Math Worksheets### Core Math Worksheets

### Fraction Worksheets

### Algebra

### Other Worksheets

#### Place Value

#### Percentages

#### Rounding Numbers

#### Ordering Numbers

#### Standard, Expanded, Word Form

#### Mean Median Mode Range

#### Ratio Worksheets

#### Probability Worksheets

#### Roman Numerals

#### Factorization, GCD, LCM

#### Prime and Composite Numbers

#### Pre-Algebra

#### Geometry Worksheets

#### Blank Clocks

#### Telling Analog Time

#### Analog Elapsed Time

#### Greater Than and Less Than

#### Money

#### Arithmetic Sequences

#### Geometric Sequences

#### Venn Diagram

#### Graph Worksheets

### Measurement & Conversions

### Patterns and Puzzles

### Color by Number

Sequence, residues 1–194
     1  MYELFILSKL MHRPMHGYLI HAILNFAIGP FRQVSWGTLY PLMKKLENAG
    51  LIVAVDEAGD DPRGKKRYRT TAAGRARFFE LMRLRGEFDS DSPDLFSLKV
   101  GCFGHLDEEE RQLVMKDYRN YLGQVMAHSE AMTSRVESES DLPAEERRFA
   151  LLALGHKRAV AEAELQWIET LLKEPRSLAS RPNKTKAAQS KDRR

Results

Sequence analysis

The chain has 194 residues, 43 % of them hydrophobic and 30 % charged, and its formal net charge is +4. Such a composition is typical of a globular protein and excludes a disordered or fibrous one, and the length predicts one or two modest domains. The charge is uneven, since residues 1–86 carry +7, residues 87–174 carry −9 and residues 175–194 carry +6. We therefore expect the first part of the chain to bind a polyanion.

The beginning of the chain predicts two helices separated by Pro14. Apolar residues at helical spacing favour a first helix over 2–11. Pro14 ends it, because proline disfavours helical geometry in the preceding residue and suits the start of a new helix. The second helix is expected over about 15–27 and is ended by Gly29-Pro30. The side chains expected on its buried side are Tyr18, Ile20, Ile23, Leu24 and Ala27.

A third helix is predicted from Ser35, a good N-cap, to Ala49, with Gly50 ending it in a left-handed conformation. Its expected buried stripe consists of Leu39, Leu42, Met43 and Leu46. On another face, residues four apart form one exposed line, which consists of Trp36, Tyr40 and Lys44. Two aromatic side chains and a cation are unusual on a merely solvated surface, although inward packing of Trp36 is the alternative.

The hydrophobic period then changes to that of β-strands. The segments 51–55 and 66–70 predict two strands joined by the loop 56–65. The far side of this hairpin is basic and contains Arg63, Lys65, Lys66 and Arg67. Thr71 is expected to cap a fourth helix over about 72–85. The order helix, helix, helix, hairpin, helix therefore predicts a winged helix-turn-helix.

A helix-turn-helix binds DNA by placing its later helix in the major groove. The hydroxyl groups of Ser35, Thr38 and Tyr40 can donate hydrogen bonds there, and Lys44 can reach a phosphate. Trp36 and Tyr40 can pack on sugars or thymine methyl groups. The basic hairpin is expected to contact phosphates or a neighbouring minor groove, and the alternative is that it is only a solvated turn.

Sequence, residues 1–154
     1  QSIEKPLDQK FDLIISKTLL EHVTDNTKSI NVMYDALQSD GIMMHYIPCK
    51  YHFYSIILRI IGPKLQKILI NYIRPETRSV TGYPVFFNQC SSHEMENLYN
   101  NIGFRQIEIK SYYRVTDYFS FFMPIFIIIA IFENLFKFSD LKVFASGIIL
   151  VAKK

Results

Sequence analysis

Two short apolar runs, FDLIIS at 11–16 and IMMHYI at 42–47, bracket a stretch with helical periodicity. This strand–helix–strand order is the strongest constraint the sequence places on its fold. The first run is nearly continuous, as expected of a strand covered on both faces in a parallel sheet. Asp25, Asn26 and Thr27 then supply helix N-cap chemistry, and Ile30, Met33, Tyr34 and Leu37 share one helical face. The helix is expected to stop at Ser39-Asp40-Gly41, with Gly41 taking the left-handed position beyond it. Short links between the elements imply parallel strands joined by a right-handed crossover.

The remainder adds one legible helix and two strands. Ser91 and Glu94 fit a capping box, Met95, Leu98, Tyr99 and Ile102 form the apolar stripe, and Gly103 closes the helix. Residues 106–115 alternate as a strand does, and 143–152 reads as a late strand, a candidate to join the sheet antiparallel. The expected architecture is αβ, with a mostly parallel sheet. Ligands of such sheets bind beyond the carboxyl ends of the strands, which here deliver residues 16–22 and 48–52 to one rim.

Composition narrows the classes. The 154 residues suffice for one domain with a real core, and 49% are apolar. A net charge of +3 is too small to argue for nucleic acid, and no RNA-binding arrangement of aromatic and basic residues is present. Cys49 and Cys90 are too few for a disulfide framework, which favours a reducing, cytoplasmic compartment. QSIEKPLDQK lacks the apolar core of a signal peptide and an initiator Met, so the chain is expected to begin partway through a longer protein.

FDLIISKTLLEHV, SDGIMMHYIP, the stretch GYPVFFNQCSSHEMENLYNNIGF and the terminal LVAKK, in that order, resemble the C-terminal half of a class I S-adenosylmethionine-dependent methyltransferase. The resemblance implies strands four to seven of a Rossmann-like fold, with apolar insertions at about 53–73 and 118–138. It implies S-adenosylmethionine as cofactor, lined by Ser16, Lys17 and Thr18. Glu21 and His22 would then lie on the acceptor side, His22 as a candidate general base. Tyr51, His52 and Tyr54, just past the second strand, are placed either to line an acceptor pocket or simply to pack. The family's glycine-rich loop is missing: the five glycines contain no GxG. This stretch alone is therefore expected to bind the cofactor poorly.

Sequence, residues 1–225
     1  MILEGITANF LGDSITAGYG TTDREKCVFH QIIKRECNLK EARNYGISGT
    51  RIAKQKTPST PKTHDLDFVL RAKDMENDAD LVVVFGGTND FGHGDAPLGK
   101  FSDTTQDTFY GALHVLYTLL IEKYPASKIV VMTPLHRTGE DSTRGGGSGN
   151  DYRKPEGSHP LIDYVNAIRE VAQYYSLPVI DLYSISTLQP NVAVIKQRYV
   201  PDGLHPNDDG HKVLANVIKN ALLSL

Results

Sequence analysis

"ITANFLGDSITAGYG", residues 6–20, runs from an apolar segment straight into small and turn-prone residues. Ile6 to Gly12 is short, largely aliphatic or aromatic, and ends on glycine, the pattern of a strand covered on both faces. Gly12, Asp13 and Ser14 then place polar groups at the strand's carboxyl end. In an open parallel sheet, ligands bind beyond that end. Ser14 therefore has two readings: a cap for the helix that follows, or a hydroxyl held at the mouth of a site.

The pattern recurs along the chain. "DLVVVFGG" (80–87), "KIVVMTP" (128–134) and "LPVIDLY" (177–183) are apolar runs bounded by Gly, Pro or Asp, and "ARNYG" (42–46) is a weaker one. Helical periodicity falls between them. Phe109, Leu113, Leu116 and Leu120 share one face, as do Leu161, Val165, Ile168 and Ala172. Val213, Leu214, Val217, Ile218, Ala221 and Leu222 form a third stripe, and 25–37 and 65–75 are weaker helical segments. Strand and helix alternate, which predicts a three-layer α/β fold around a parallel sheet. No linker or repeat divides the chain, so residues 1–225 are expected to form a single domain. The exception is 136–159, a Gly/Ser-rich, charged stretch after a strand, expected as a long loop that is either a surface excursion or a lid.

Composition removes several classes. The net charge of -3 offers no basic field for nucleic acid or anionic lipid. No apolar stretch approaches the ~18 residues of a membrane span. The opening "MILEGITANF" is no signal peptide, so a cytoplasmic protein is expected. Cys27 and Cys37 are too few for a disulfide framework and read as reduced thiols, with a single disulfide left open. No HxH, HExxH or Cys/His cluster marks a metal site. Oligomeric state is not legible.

### Holiday & Seasonal

### Early Learning

### Printables

### Calculators

### Math Worksheets by Grade

### Worksheet News

Simple subtraction worksheets showing negative answers introduced with the number line. This is your starting point for negative numbers.

Negative numbers are a big concept to introduce, but their role in subtraction is obvious. Subtracting a larger value from a smaller one yields a negative result. All of the subtraction worksheets prior to these are constructed to insure that there are not negative answers to any of the subtraction problems. These worksheets use the number line to gradually introduce negative answers. A clear starting point is to subtraction from zero. The first set of worksheets in this section focus on subtracting small numbers from zero, and include a double-ended number line to allow students to visually 'count back' the appropriate number of steps to get the result. Subsequent worksheets start with a subtrahend that is greater than zero, working up through increasingly larger arguments. Once students master these negative subtraction worksheets, they should have an understanding of why a negative result is obtained and be able to quickly identify these situations without using number lines or other manipulatives.